1992: Making a Name in Afro-American Studies

June 05, 2016

50 Years of Covers

In November 2016, The Chronicle of Higher Education will mark its 50th anniversary. To lead up to the occasion, we’ve chosen front pages featuring some of our reporting on key events in higher education and capturing the zeitgeist of the nation’s colleges and universities over the years.

View the full collection.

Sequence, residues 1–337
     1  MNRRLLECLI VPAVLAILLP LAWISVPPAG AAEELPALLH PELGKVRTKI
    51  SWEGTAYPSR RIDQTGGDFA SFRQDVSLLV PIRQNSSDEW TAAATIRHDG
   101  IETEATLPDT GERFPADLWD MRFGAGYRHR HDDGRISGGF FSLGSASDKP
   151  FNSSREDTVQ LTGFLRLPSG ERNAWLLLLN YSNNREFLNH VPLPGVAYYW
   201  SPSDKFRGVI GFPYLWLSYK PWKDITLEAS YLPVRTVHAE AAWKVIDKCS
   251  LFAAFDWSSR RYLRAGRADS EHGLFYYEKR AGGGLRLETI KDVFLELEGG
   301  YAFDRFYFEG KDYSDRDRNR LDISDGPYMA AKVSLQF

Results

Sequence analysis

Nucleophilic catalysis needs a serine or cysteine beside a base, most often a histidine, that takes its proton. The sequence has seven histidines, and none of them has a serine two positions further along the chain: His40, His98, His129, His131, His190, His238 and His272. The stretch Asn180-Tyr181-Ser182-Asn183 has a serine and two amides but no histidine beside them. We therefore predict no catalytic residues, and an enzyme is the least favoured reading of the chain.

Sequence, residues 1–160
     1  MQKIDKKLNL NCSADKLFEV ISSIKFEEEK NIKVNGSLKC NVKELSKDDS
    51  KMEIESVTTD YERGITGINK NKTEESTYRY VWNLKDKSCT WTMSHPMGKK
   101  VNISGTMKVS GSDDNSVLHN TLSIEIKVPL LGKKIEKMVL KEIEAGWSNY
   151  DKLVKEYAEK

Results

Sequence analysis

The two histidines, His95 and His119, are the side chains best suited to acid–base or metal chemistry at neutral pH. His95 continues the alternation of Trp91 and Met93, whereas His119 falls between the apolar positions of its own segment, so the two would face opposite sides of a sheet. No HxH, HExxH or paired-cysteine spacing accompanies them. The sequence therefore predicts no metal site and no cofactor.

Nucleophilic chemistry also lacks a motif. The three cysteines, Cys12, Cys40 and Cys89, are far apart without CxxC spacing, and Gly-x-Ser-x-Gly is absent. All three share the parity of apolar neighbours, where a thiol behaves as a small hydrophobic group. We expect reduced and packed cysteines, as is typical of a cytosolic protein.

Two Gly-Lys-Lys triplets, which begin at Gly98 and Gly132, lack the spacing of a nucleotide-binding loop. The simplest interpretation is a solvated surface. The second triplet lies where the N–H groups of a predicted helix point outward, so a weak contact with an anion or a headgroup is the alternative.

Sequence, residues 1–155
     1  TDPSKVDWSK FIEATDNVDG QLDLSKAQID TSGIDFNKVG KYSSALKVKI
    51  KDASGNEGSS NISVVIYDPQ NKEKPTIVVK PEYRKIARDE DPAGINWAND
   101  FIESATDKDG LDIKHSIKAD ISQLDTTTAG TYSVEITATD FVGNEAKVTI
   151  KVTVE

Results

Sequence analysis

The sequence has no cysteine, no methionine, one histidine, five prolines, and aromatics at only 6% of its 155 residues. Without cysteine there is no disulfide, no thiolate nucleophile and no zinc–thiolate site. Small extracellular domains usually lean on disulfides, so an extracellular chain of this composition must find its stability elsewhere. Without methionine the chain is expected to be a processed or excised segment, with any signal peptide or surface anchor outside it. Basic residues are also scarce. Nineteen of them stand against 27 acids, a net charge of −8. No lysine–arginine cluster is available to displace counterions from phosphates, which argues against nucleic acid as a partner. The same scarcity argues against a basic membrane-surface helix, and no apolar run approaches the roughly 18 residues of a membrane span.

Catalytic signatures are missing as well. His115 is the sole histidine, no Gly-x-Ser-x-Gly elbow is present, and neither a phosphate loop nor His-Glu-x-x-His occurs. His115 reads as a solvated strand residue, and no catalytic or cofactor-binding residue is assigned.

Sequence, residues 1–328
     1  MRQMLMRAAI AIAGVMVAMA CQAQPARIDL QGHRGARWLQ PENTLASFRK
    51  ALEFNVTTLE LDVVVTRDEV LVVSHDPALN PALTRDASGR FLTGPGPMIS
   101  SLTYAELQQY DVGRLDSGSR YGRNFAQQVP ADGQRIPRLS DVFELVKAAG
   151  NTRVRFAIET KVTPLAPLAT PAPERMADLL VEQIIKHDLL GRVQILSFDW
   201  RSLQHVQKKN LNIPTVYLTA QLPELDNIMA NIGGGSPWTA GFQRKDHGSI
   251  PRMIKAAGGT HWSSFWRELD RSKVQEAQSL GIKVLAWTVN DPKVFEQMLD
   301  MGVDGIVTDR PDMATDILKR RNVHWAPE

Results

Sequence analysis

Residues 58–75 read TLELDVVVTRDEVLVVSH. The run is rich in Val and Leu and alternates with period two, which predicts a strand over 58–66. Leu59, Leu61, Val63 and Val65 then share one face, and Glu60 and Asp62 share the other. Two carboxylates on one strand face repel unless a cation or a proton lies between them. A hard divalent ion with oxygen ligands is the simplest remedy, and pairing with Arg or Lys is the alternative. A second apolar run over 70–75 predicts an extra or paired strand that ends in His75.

In his first year at Harvard, as chairman of Afro-American studies, Henry Louis (Skip) Gates Jr. left a largely positive impression as he built up the department’s faculty and its reputation. "African-American studies and African-American literary studies are unimaginable in the United States without Skip Gates," Houston A. Baker, president of the Modern Language Association, told The Chronicle. "First time I’ve ever had a real job," Mr. Gates joked. He kept this one until 2006, when he stepped down to do more teaching and research. As his fame has spread, he has stayed on at Harvard, as director of the Hutchins Center for African & African American Research.